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Comparative Study
, 18 (10), 3535-3549

Comparative Genomic, Proteomic and Exoproteomic Analyses of Three Pseudomonas Strains Reveals Novel Insights Into the Phosphorus Scavenging Capabilities of Soil Bacteria

Affiliations
Comparative Study

Comparative Genomic, Proteomic and Exoproteomic Analyses of Three Pseudomonas Strains Reveals Novel Insights Into the Phosphorus Scavenging Capabilities of Soil Bacteria

Ian D E A Lidbury et al. Environ Microbiol.

Abstract

Bacteria that inhabit the rhizosphere of agricultural crops can have a beneficial effect on crop growth. One such mechanism is the microbial-driven solubilization and remineralization of complex forms of phosphorus (P). It is known that bacteria secrete various phosphatases in response to low P conditions. However, our understanding of their global proteomic response to P stress is limited. Here, exoproteomic analysis of Pseudomonas putida BIRD-1 (BIRD-1), Pseudomonas fluorescens SBW25 and Pseudomonas stutzeri DSM4166 was performed in unison with whole-cell proteomic analysis of BIRD-1 grown under phosphate (Pi) replete and Pi deplete conditions. Comparative exoproteomics revealed marked heterogeneity in the exoproteomes of each Pseudomonas strain in response to Pi depletion. In addition to well-characterized members of the PHO regulon such as alkaline phosphatases, several proteins, previously not associated with the response to Pi depletion, were also identified. These included putative nucleases, phosphotriesterases, putative phosphonate transporters and outer membrane proteins. Moreover, in BIRD-1, mutagenesis of the master regulator, phoBR, led us to confirm the addition of several novel PHO-dependent proteins. Our data expands knowledge of the Pseudomonas PHO regulon, including species that are frequently used as bioinoculants, opening up the potential for more efficient and complete use of soil complexed P.

Figures

Figure 1
Figure 1
A–C. Growth of the three Pseudomonas strains under either Pi replete (1.4 mM) or Pi deplete (50 μM) growth conditions. Arrows denote sampling points for exoproteomics. D. During the growth experiments, alkaline phosphatase activity was quantified as a proxy for determining the activation of the PHO regulon. The values shown represent a given time point when the maximal alkaline phosphatase activity detected for each strain was obtained. Results presented are the mean of triplicate cultures. Error bars denote standard deviation.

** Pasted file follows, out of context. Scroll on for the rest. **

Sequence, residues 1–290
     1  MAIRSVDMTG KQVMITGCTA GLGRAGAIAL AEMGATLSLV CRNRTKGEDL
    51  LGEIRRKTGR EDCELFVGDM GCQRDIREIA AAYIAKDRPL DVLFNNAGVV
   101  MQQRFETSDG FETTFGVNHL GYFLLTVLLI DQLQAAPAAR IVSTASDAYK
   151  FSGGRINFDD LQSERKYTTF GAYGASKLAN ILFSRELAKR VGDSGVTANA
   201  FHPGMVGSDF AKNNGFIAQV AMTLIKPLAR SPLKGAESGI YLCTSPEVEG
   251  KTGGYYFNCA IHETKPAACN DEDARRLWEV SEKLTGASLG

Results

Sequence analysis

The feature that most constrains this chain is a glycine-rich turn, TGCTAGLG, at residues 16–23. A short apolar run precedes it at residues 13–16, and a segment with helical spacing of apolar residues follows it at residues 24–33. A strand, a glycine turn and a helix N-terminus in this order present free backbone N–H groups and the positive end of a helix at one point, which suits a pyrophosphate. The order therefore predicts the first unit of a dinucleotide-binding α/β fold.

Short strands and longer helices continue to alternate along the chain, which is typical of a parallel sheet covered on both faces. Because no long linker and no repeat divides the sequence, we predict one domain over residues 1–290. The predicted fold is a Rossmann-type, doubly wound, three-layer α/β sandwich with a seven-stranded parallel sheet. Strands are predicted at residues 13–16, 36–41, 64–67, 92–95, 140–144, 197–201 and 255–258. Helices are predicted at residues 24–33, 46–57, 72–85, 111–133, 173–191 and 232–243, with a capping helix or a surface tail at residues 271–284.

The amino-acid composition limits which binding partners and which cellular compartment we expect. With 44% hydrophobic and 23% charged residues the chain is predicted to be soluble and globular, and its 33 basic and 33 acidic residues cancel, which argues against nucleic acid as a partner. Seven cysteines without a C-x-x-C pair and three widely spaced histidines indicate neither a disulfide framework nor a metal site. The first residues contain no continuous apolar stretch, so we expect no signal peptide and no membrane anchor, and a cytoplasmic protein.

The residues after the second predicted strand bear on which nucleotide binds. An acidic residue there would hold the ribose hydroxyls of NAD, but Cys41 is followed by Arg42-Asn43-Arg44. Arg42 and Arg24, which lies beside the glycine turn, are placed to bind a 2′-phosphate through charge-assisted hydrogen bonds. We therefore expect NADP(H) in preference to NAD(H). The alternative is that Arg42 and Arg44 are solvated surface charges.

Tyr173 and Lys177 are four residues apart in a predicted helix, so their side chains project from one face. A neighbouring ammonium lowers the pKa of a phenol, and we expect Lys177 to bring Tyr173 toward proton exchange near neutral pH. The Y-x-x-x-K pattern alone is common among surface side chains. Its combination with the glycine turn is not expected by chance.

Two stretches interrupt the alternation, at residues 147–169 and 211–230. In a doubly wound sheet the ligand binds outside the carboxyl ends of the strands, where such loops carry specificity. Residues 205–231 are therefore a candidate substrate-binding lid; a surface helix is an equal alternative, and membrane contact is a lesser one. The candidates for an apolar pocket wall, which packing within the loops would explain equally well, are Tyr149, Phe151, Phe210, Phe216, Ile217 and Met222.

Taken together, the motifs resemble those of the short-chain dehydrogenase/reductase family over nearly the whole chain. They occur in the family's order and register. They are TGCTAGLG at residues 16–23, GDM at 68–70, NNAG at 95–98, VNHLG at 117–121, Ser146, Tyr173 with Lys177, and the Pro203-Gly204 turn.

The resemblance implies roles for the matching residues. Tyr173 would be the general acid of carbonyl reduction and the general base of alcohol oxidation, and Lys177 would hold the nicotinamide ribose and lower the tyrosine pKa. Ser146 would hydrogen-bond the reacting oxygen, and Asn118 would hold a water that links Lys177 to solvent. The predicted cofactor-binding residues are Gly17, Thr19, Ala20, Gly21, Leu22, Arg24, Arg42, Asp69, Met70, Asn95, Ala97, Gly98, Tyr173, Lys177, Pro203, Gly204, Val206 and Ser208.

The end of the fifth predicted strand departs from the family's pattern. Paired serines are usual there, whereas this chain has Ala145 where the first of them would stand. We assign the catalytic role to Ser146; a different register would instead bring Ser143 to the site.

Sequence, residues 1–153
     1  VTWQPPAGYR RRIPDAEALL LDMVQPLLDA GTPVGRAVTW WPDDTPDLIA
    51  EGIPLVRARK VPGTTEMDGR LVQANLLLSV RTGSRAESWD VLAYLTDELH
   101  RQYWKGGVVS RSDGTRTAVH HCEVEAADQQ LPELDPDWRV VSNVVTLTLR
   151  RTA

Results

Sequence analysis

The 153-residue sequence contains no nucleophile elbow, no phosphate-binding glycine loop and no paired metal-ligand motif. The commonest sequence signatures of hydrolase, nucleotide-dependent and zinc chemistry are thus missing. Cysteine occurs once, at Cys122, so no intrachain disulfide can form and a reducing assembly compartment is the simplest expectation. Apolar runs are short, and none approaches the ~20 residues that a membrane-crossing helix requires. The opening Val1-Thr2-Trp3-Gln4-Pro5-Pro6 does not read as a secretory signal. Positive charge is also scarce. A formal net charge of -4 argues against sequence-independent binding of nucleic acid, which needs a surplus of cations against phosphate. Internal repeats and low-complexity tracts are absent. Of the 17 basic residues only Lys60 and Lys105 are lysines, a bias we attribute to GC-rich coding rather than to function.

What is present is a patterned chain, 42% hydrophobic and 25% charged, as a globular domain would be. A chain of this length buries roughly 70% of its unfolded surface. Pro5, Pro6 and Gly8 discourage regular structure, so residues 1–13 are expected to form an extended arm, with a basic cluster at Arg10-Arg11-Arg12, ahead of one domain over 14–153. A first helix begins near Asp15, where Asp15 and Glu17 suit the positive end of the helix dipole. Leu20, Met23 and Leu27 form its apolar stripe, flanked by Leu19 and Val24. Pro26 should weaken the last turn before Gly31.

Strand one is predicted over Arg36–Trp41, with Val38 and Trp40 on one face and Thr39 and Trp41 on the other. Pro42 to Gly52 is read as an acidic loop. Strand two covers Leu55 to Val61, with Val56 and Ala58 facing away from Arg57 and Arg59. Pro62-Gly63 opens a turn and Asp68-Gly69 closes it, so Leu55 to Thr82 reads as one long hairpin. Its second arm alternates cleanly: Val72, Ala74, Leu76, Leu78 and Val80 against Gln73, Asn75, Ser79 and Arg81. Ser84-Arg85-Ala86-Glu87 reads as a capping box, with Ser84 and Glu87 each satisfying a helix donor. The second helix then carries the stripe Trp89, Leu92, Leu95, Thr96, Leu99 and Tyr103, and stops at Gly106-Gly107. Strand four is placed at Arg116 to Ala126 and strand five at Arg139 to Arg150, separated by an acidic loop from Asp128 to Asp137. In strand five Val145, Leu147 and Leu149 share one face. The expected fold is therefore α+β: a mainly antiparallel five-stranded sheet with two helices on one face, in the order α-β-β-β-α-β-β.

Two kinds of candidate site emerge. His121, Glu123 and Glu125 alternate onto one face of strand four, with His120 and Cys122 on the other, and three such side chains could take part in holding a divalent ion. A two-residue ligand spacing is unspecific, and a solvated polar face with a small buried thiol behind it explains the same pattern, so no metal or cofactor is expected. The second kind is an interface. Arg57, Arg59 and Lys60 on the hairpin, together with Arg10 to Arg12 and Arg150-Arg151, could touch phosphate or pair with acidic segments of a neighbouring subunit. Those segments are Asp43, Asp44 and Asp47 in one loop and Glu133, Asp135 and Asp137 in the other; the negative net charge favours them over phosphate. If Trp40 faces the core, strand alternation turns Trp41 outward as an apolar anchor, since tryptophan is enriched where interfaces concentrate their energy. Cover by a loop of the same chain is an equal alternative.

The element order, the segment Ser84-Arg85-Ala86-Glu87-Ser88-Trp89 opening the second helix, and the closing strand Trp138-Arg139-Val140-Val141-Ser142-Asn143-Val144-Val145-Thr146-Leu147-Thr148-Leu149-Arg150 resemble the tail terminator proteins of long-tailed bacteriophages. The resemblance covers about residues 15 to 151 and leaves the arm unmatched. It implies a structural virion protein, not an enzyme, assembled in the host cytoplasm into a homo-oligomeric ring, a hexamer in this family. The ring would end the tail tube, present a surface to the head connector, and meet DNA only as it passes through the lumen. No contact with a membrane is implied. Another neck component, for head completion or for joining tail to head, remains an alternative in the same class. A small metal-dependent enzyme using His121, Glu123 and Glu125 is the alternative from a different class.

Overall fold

Figure 2
Figure 2
A qualitative assessment, using 1D‐SDS PAGE, of the exoproteomes of all three Pseudomonas strains examined prior to HPLC 2D‐MS/MS. Each gel lane represents 20 ml culture supernatant. For both Pi deplete and Pi replete growth conditions, three biological replicates were performed.
Figure 3
Figure 3
Protein expression analyses in response to Pi depletion of the three Pseudomonas exoproteomes in addition to the exoproteome of the phoBR mutant of P. putida BIRD‐1. White spaces represent the absence of genes encoding the corresponding proteins from their genomes. Each individual biological replicate is displayed. The colour key represents Log2 transformations of protein fold change.
Figure 4
Figure 4
The relative abundance of Pi scavenging proteins detected in the exoproteomes of the three Pseudomonas strains and the phoBR mutant grown in both Pi replete and Pi deplete growth conditions. The normalized spectral abundance factor (NSAF) was calculated using Scaffold 4. Values displayed are the mean of triplicate cultures.
Figure 5
Figure 5
Genomic analyses of the Pi binding proteins found in the three Pseudomonas strains (A) The genetic neighbourhood profiles of the different Pi binding proteins located in the three Pseudomonas strains (B) The diversity of proteins that contain the Pfam12849 domain using a number of genome‐sequenced soil bacteria with the inclusion of characterized Pi binding proteins. Abbreviations; pstSCAB1/2, Pi‐specific ABC transporter; psp, DING‐family Pi binding protein; psp2/3, uncharacterized Pi binding protein; nptA, NA+/Pi co‐transporter; glpD, glycerol 3‐phosphate dehydrogenase; glpR, transcriptional regulator; glycerol kinase; glpK, glycerol uptake facilitator; fhaB‐like, putative filamentous haemagglutinin; phoBR, two component regulator; gsp, type II secretion system.
Figure 6
Figure 6
Genomic and proteomic analyses of the phosphonate binding proteins found in the three Pseudomonas strains (A) The genetic neighbourhood profiles of the different phosphonate binding proteins located in the three Pseudomonas strains (BIRD‐1, SBW25, DSM4166) as well as Sinorhizobium meliloti 1021 (1021). (B) Neighbour‐joining phylogenetic analysis of the different phosphonate binding proteins detected in the Pseudomonas strains outlined in Table 1 with the addition of various Burkholderia and Flavobacteria strains. Bootstrap values (500 runs) have been omitted for clarity. IMG accession numbers have been included as a reference. Abbreviations: phnWAY, alternative 2‐aminoethylphosphonate degradation pathway; phnDCE1/2/3/4, phosphonate ABC transporter; phnF‐M, C‐P lyase.

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